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					                Association of
                Mexican American
                Educators, Inc.
                1630 Van Ness Ave
                Fresno, CA 93721

                                Wendy Macias, Neg – Reg comments
                                US Department of Education
     AMAE, Inc.                 PO Box 33184
   State Executive Board        Washington, DC 20033-3184

                                November 9, 2006
 Celia Maldonado Arroyo
        President   Dear Secretary Spellings:

                                We write to urge you to address the issue of fair student loan repayment in the
       Jairo Sanchez
                                upcoming negotiated rulemaking process, announced in the Federal Register on
      President Elect      August 18. Reducing debt burden is both an area where you have authority to
                                regulate, and it is an issue that your Commission on the Future of Higher Education
                                identified as a priority.
  Francisco Rodriguez D.
 Immediate Past President       The way students and their families pay for college has changed dramatically in the
                                past generation. Two-thirds of graduates from four-year institutions now have
                                loans, and their average debt has increased 50 percent after accounting for inflation.
                                For millions of students, loans make college possible by filling the gap between
         Luz Patiño
         Secretary              available grant aid and total costs, and by helping students keep their work hours
                                down so they can study. But even for students who make the right decisions and
                                have the best of intentions, those loans can prove to be a burden later. We agree
                                with the Commission’s conclusion: “Too many students are either discouraged from
      Cathy Gonzales
                                attending college by rising costs, or take on worrisome debt burdens in order to do

                                The rise of student debt is a problem for several reasons. Borrowers may be
       Phil Gonzales            deterred from pursuing public service careers as teachers, day care and health care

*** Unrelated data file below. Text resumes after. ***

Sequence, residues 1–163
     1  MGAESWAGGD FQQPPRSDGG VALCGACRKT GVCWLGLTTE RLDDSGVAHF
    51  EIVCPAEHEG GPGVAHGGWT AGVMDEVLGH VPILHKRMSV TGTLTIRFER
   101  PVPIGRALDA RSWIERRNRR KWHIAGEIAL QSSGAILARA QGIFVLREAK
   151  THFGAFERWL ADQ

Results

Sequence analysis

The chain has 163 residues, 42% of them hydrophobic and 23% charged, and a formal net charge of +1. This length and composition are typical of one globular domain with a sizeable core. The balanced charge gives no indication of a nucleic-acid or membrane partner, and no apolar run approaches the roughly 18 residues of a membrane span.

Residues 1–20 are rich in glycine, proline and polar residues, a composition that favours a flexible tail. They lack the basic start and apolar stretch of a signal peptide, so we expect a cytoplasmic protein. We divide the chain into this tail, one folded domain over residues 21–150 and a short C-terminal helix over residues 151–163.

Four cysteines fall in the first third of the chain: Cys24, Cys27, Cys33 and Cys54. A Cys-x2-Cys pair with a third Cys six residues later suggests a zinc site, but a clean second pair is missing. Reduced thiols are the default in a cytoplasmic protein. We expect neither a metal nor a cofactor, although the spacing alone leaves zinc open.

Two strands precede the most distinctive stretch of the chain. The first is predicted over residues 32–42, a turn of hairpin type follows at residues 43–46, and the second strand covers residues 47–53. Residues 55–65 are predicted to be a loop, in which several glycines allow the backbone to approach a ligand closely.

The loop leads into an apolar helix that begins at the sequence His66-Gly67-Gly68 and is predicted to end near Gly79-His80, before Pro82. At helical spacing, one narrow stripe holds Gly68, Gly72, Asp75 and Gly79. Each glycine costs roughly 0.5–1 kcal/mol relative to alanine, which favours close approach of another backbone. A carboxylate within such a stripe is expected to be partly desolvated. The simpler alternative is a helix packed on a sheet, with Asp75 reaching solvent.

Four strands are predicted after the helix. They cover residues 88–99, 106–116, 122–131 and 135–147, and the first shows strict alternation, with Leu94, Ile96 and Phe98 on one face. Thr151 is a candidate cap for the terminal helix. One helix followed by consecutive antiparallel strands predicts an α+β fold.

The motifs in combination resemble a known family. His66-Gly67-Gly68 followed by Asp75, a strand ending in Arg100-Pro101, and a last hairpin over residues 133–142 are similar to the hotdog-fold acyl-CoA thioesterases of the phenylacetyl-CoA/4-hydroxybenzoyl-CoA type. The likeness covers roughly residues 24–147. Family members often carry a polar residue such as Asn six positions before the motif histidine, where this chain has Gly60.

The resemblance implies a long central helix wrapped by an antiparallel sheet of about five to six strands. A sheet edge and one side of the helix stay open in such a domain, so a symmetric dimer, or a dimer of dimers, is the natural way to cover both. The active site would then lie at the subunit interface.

workers, and other essential public service professionals to meet our country’s
                                needs. High student loan payments may cause borrowers to delay life choices such
                                as buying a home, buying a car, getting married and having children. Finally,
       Robert Arroyo            student loan debt burdens extending to 20 or even 30 years can threaten American
      Parliamentarian           families’ future financial security by making it more difficult to save for their own
                                retirement and for their own children’s college expenses.

                                While many graduates are able to comfortably repay their loans, an increasing
                                number of borrowers face difficult repayment burdens. Our student loan repayment
                                system should give struggling borrowers incentives to pay what they can, to work,
                                and to avoid default. Unfortunately, the tools that are supposed to assist borrowers
with payments on federal loans are inadequate, confusing and inconsistent, too often providing the
wrong incentives. Without improved protections for borrowers, the nation may see an increase in
defaults and bankruptcies rather than an increase in more productive graduates who can contribute
fully to society.

In May, an unusual alliance among student groups, the loan industry, and colleges presented you with
a detailed proposal for improving the assistance that is available to struggling borrowers with federal
student loans. The five-point plan would:

   1. Limit student loan payments to a reasonable percentage of income (less than 10 percent for
      most borrowers, and never more than 15 percent).
   2. Recognize that borrowers with children have less income available for student loan payments.
   3. Prevent added interest from making the problem even worse when borrowers face hardship
   4. Cancel remaining debts when borrowers have made income-based payments for 20 years.
   5. Simplify the process of applying for hardship deferrals.

We urge you to include these proposals in the upcoming rulemaking. Our nation’s economic future
depends on the education of our citizenry, and student loans have become an embedded part of the
financing system for training beyond high school. Given the important role of loans in making it
possible to attend and complete college, it is incumbent upon us to ensure that loan repayments are not
unfairly excessive.

Besides addressing the hardships of repaying exorbitant loan amounts, you should also address the
“predatory” practices of some vocational colleges that allow or may encourage loans to students who
qualify, but may not be able to find employment in the fields trained. Easy access to loans without
proper counseling leads to many students being saddled with large debt amounts from loans that need
to be repaid even though the students may not be adequately trained in the field, or the field may
already be over saturated with workers.


Jairo Sanchez
President Elect AMAE

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